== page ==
E-cigarettes are misunderstood by many doctors




According to a Rutgers study, many doctors think that all tobacco products are dangerous, so they are less likely to prescribe e-cigarettes to people who want to stop smoking or who have a tobacco-related condition.

In the United States, some 480,000 individuals die each year as a result of tobacco use. Despite the fact that the FDA has not approved e-cigarettes as a smoking cessation device, many people approach their doctors about using them as a substitute for tobacco cigarettes or to help them quit. E-cigarettes work by heating a nicotine-laced liquid.

As evidence of e-cigarettes’ potential for smoking cessation grows, they may play a pivotal role in reducing cigarette use and, as a result, tobacco-caused disease, said study author Michael Steinberg, medical director of the Rutgers Tobacco Dependence Program at the Center for Tobacco Studies and division chief in the Department of Medicine at the Rutgers Robert Wood Johnson Medical School.

It’s “critical to comprehend physicians’ viewpoints on e-cigarettes as a harm-reduction tool.”

The study, which was published in JAMA Network Open, polled 2,058 U.S. doctors in 2018 and again in 2019 about their e-cigarette communication with patients.

The researchers wanted to know how they would counsel two distinct patients who wanted to quit smoking: a young woman who was a light smoker who had never tried to quit, and an elderly man who smoked extensively and had tried to quit several times using various methods.

According to the study, physicians were considerably more likely to offer e-cigarettes to heavy smokers than FDA-approved treatments, such as nicotine gum or lozenges, to light smokers, according to the study.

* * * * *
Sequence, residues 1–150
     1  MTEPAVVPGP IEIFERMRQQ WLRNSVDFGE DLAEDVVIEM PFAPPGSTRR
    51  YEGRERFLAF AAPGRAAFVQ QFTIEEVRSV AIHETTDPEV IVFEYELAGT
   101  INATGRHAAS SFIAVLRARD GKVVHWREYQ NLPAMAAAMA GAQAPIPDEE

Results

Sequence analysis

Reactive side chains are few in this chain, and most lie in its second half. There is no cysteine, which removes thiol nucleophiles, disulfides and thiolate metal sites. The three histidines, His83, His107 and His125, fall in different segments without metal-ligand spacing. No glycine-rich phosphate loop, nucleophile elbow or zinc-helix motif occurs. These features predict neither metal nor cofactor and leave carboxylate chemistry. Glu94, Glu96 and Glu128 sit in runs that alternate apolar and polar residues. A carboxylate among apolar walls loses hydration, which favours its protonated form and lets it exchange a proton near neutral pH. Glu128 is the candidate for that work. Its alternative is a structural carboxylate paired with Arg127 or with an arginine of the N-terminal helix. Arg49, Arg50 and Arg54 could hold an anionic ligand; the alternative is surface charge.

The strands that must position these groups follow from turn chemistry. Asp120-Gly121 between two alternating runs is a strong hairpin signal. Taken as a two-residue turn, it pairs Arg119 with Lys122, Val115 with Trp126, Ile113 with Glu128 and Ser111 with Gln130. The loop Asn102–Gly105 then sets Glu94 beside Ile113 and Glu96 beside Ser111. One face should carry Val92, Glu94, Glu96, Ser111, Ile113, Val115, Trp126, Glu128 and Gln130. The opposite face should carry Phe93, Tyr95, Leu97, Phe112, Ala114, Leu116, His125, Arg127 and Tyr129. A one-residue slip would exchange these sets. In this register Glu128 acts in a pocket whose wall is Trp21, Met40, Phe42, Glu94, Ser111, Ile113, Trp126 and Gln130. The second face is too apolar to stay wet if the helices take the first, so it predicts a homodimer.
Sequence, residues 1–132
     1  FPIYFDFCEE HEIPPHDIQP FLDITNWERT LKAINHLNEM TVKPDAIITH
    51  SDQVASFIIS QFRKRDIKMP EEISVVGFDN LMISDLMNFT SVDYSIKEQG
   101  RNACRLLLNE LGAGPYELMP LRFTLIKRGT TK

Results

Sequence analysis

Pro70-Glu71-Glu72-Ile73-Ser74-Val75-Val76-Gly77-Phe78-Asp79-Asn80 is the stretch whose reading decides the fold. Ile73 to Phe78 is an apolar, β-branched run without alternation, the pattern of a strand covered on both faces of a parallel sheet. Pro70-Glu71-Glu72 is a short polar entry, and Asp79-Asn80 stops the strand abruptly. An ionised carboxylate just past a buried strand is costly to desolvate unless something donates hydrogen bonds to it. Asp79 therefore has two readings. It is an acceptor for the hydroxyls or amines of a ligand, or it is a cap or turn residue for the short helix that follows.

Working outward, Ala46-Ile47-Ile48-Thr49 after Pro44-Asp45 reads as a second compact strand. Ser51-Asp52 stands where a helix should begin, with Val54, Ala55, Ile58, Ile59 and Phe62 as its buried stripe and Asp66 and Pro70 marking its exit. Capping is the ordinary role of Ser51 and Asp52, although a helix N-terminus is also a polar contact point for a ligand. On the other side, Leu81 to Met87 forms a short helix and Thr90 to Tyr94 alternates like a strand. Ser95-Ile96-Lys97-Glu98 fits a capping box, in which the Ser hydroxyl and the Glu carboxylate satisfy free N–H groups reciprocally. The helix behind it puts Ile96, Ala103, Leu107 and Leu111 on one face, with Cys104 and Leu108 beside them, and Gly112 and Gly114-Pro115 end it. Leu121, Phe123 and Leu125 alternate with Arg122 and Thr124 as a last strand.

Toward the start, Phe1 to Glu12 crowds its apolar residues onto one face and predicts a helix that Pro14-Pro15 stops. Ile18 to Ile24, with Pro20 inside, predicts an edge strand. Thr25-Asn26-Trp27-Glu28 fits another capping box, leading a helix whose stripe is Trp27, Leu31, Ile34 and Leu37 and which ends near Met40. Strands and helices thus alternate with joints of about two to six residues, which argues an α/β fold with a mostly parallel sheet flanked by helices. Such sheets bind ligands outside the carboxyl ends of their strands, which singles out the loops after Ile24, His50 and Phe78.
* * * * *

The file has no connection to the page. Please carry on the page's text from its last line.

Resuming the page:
Patients have asked over 70% of physicians about e-cigarettes, with one-third saying they have been asked in the last 30 days. More than 60% of doctors thought that all cigarette products were the same risk.

“These findings demonstrate the importance of correcting physicians’ misconceptions and educating them on the efficacy of e-cigarettes, particularly correcting their misconceptions that all tobacco products are equally harmful rather than the fact that combusted tobacco is by far the most dangerous,” said lead author Cristine Delnevo, director of the Rutgers Center for Tobacco Studies and professor of Health Behavior, Society, and Policy at Rutgers School of Public Health.

The study also discovered that pulmonologists, cardiologists, and physicians who used the US Public Health Service Clinical Practice Guidelines for treating tobacco use and dependence, as well as those who endorsed a harm-reduction perspective and had smoked cigarettes themselves, were more likely to recommend e-cigarettes to patients. However, if a patient asked about e-cigarettes first, doctors were more likely to give them to him or her.

Michelle Jeong, Arjun Teotia, Michelle M. Bover, Manderski, Binu Singh, Mary Hrywna, and Olivia A. Wackowski were among the study’s other Rutgers authors.